Enhanced radiation sensitivity in prostate cancer by gold-nanoparticles.
Clin Invest Med. 2008 ;31(3):E160-7. PMID: 18544279
PURPOSE: Nanotechnology is an emerging field with significant translational potential in medicine. In this study, we applied gold nanoparticles (GNP) to enhance radiation sensitivity and growth inhibition in radiation-resistant human prostate cancer cells.
METHODS: Gold nanoparticles (GNPs) were synthesized using HAuCl4 as the gold particle source and NaBH4 as the reductant. Either thio-glucose or sodium citrate was then added to the solution separately to bind the GNPs to form thio-glucose-capped gold nanoparticles (Glu-GNP) and neutral gold nanoparticles (TGS-GNPs). Human prostate carcinoma DU-145 cells were exposed to vehicle, irradiation, 15nM TGS-GNPs, or 15nM Glu-GNPs, or GNPs plus irradiation. The uptake assays of GNP were performed using hemocytometer to count cells and the mass spectrometry was applied to calculate gold mass. The cytotoxicity induced by GNPs, irradiation, or GNPs plus irradiation was measured using a standard colorimetric MTT assay.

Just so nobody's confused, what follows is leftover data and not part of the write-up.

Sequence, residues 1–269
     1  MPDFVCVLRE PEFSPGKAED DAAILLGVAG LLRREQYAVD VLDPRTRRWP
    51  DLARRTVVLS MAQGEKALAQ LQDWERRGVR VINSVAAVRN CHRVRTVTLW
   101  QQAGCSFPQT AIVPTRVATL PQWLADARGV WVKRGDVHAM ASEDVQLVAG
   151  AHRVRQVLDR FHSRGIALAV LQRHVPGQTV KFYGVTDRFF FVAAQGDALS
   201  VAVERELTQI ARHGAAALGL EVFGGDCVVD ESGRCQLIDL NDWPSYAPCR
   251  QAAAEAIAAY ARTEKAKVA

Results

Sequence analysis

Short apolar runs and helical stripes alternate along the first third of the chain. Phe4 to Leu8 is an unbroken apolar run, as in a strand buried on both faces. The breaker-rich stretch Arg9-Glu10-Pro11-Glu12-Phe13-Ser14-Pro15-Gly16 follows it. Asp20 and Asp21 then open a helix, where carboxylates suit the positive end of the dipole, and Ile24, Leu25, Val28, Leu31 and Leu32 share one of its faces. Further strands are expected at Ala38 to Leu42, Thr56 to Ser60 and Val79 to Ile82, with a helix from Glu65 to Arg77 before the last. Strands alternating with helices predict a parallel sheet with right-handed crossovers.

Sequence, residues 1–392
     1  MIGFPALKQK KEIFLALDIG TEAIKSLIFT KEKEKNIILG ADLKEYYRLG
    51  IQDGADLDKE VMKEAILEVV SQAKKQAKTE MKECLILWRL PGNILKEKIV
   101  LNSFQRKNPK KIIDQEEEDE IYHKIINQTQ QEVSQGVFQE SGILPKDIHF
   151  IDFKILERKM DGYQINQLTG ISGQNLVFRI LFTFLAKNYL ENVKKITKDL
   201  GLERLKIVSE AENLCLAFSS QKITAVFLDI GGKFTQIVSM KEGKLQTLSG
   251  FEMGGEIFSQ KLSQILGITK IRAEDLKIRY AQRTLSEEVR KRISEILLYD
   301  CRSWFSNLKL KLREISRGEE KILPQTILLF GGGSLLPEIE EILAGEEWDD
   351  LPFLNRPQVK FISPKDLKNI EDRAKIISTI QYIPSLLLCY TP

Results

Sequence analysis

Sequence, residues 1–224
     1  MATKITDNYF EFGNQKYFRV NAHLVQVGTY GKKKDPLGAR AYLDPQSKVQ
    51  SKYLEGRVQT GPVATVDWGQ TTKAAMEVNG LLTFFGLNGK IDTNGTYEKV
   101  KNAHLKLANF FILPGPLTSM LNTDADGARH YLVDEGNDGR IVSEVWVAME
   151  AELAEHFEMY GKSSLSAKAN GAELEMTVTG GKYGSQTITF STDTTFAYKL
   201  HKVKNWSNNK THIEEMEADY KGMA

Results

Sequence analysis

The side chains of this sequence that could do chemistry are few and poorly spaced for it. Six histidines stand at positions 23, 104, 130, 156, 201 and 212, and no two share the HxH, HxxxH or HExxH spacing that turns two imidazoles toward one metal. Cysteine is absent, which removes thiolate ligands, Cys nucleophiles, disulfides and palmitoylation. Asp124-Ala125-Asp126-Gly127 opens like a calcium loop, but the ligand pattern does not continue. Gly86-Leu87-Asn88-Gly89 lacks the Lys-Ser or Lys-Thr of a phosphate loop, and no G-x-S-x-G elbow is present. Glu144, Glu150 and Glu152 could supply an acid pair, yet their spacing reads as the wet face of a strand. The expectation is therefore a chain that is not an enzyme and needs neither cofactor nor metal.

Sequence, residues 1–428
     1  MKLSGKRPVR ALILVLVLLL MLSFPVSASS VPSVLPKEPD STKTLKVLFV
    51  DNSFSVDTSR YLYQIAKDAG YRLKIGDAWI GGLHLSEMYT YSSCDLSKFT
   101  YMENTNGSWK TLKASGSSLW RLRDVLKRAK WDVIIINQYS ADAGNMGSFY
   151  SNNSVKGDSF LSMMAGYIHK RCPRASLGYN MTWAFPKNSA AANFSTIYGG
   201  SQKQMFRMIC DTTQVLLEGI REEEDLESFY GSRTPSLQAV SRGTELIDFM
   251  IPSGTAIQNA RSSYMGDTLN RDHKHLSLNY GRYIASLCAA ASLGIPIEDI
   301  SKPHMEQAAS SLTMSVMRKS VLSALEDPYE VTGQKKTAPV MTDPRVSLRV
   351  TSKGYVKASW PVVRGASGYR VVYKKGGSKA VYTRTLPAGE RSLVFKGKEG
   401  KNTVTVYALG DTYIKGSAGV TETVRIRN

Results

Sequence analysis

RESULTS: Exposure to Glu-GNPs resulted in a three times increase of nanoparticle uptake compared to that of TGS-GNPs in each target cell (p<0.005). Cytoplasmic intracellular uptake of both TGS-GNPs and Glu-GNPs resulted in a growth inhibition by 30.57% and 45.97% respectively, comparing to 15.88% induced by irradiation alone, in prostate cancer cells after exposure to the irradiation. Glu-GNPs showed a greater enhancement, 1.5 to 2 fold increases within 72 hours, on irradiation cytotoxicity compared to TGS-GNPs. Tumour killing, however, did not appear to correlate linearly with nanoparticle uptake concentrations.
CONCLUSION: These results showed that functional glucose-bound gold nanoparticles enhanced radiation sensitivity and toxicity in prostate cancer cells. In vivo studies will be followed to verify our research findings.